Edna Anhalt


Life Events


Movie Clip

Member Of The Wedding, The (1952) -- (Movie Clip) That Green And Crazy Summer Julie Harris (as "Frankie") with Ethel Waters (as "Berenice") and the rest of the cast, introduced in the opening scene of Fred Zinnemann's The Member of the Wedding, 1952, from Carson McCullers' novel and play.
Member Of The Wedding, The (1952) -- (Movie Clip) It Don't Do! Frankie (Julie Harris) and Berenice (Ethel Waters) disagree about her new dress, John Henry (Brandon de Wilde) observing, in The Member of the Wedding, 1952, from Carson McCullers' novel and play.
Member Of The Wedding, The (1952) -- (Movie Clip) His Eye Is On The Sparrow The evening before the wedding, Frankie (Julie Harris) having a crisis, the three central characters (Ethel Waters as Berenice, Brandon De Wilde as John Henry) and the gospel standard credited to Charles H. Gabriel and Civilla D. Martin, in Daniel Mann’s movie from the Carson McCullers novel, The Member Of The Wedding, 1952.
Panic In The Streets (1950) -- (Movie Clip) Just To Be Important Struggling to contain pneumonic plague in New Orleans, military public health official Reed (Richard Widmark) tries to find common cause with cop Warren (Paul Douglas) who’s not convinced of the emergency and wants to use conventional police tactics, in Panic In The Streets, 1950, directed by Elia Kazan.
Sniper, The (1952) -- (Movie Clip) Open, Law Enforcement Is Helpless Journalistic and inflammatory, the dramatized quasi-factual prologue, and the introduction of Arthur Franz as the title character, in producer Stanley Kramer and director Edward Dmytryk’s first collaboration, The Sniper, 1952, also starring Adolphe Menjou and Richard Kiley, shot largely in San Francisco.
Sniper, The (1952) -- (Movie Clip) Find Me And Stop Me Digging into the psycho material now, Arthur Franz as Eddie (title character) seems to know he’s finding it too easy to get away with killing women with his rifle, makes a cry for help then goes after sexy May (Marlo Dwyer), whom he met the night of the first murder, in The Sniper, 1952.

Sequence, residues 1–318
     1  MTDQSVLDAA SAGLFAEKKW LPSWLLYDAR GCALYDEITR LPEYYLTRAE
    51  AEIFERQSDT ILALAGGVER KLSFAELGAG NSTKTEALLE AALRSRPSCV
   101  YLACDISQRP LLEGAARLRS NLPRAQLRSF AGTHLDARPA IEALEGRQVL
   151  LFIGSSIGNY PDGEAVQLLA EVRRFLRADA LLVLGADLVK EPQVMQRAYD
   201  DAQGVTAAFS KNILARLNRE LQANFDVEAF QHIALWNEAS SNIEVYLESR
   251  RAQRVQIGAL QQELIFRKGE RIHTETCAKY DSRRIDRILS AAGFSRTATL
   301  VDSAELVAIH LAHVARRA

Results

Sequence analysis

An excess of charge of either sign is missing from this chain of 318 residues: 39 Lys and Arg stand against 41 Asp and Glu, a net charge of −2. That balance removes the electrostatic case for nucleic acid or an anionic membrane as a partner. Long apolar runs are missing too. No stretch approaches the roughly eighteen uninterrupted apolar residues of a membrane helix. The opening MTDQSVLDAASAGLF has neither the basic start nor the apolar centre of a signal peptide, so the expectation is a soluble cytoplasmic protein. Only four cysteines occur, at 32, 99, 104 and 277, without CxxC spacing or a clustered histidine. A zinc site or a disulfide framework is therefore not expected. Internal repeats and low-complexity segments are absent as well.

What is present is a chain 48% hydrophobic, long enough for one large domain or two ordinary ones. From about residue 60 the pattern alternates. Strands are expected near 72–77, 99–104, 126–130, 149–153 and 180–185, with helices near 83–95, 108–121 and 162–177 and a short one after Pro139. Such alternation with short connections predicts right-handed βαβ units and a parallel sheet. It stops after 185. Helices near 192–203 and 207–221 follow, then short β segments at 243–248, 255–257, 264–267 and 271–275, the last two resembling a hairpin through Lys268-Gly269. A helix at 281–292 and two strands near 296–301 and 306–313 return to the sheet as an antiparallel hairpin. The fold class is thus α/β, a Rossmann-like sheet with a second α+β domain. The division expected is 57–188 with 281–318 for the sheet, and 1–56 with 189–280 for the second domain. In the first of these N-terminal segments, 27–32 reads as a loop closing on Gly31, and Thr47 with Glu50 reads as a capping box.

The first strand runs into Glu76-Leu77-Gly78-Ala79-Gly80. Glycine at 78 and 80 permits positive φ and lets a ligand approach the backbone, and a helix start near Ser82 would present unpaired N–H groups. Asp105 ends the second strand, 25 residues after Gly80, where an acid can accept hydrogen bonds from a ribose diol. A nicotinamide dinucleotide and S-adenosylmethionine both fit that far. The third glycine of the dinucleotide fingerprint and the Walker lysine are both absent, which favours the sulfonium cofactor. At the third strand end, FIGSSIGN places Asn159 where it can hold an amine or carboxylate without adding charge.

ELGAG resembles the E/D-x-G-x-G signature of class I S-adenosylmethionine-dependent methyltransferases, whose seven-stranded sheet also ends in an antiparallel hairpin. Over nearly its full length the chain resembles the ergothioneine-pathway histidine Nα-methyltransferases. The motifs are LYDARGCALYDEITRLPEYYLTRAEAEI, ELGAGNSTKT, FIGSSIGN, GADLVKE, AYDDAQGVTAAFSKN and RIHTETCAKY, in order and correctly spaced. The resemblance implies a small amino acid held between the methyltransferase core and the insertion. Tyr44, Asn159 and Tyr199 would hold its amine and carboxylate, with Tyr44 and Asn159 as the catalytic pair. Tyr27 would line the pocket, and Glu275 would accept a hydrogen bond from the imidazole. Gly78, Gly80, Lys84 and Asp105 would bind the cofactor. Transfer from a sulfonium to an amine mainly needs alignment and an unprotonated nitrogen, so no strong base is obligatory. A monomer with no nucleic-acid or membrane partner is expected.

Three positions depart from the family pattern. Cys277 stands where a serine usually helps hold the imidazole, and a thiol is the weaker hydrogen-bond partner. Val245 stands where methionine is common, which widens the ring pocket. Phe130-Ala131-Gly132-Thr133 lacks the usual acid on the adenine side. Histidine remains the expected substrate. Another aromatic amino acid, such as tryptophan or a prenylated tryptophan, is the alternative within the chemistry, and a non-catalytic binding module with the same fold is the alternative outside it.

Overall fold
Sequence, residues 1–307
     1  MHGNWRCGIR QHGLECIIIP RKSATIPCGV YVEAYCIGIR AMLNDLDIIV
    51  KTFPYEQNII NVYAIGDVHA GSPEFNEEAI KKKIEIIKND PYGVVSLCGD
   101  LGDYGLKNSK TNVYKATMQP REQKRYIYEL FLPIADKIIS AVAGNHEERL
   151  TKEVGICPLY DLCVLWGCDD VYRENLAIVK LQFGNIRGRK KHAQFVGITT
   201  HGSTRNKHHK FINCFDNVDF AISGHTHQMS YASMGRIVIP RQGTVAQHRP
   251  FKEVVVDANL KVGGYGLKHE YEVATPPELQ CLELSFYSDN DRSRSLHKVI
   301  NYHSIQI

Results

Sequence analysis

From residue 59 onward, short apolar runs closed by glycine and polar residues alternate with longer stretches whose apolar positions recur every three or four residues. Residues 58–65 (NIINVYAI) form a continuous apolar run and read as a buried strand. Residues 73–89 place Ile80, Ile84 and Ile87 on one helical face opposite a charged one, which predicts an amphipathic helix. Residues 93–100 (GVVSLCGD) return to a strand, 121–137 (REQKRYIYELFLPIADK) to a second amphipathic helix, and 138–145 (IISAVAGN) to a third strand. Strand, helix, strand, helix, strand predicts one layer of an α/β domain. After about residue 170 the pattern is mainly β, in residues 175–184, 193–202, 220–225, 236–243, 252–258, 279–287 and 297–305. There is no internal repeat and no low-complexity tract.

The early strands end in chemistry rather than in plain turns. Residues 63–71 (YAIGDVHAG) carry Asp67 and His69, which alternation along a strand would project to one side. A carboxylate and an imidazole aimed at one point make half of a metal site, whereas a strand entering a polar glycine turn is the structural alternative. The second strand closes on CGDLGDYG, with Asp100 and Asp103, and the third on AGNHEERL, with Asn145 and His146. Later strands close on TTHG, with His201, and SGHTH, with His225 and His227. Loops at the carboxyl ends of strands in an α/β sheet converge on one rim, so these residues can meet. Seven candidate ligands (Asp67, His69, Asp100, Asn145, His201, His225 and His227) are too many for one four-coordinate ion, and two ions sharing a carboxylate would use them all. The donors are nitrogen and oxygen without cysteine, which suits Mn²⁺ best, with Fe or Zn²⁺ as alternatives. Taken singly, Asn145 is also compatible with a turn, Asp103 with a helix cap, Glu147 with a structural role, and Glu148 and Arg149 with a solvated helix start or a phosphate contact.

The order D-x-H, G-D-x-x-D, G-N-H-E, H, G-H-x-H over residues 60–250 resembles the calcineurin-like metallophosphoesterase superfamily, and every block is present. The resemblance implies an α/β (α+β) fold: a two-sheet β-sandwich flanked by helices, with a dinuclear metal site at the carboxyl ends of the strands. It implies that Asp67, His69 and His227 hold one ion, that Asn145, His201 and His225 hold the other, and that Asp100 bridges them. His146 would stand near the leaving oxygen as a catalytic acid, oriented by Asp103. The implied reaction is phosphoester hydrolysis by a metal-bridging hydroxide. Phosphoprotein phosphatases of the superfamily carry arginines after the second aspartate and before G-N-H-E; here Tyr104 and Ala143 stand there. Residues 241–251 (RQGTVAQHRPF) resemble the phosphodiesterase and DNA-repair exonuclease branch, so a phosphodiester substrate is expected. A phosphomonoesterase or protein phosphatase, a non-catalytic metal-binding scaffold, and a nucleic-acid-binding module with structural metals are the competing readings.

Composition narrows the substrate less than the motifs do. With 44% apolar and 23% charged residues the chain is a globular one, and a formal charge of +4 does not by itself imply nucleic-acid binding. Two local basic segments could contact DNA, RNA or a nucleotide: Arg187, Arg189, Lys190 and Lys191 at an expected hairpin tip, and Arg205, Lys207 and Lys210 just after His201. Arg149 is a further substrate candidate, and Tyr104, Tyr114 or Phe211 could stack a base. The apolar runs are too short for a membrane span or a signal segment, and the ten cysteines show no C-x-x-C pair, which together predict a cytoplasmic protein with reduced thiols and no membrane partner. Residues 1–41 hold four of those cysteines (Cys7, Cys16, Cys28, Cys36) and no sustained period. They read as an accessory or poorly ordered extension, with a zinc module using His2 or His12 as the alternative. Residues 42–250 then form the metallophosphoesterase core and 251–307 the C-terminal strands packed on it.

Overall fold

Sniper, The (1952) -- (Movie Clip) They Said I Was Looking In Their Windows Big set piece by director Edward Dmytryk, Ralph Peters the snarky cop at the podium as suspects John Pickard, Byron Foulger and Ralph Smiley are shredded, then Richard Kiley’s first scene as shrink Kent, discouraging chief cop Anderson (Frank Faylen) and Lt. Kafka (Adolphe Menjou) in The Sniper, 1952.
Sniper, The (1952) -- (Movie Clip) Getting Tough With Women Kind of chance meeting at San Francisco Chinese joint, cop Kafka (Adolphe Menjou) meets getting-jaded criminologist Kent (Richard Kiley) who holds forth what we already know is spot-on reasoning about the thus-far unsuspected perp, in director Edward Dmytryk’s The Sniper, 1952.
Sniper, The (1952) -- (Movie Clip) Young Fool! Continuing the initial solo scenes profiling the title character, Arthur Franz as troubled Eddie, whom we’ve seen taking aim at strange women with his rifle, cruising his neighborhood, Danni Sue Nolan the cashier at the soda shop, in The Sniper, 1952, from Harry Brown’s script and story by Edna & Edward Anhalt.
Sniper, The (1952) -- (Movie Clip) I Think It's Brandy After burning himself on the stove in a bid for attention, and mostly failing, we join Eddie (Arthur Franz, title character) at work for the first time, a delivery man (working on location) in San Francisco, Marie Windsor his benevolent and alluring customer, in Edward Dmytryk’s The Sniper, 1952.
Sniper, The (1952) -- (Movie Clip) It'll Turn Out To Be Her Boyfriend Second appearance for Adolphe Menjou as Lt. Kafka and Gerald Mohr as Sgt. Ferris, after the crime scene, now at the home of the victim, terse chat even as the perp Eddie (Arthur Franz) calculates whether he should deliver the cleaning for the gal he murdered, in The Sniper, 1952, shot on location around Telegraph Hill, San Francisco, Paul Marion the debriefed boyfriend.
Panic In The Streets (1950) -- (Movie Clip) You Can't Quit Now The title but not this opening scene would suggest the topic, of a contagious disease outbreak in a port city, as clearly ill and probably-immigrant Kochak (Lewis Charles) tries to leave a poker game run by Blackie (Jack Palance), Fitch and Poldi (Zero Mostel, Guy Thomajan) his henchmen, in Elia Kazan’s Panic In The Streets, 1950.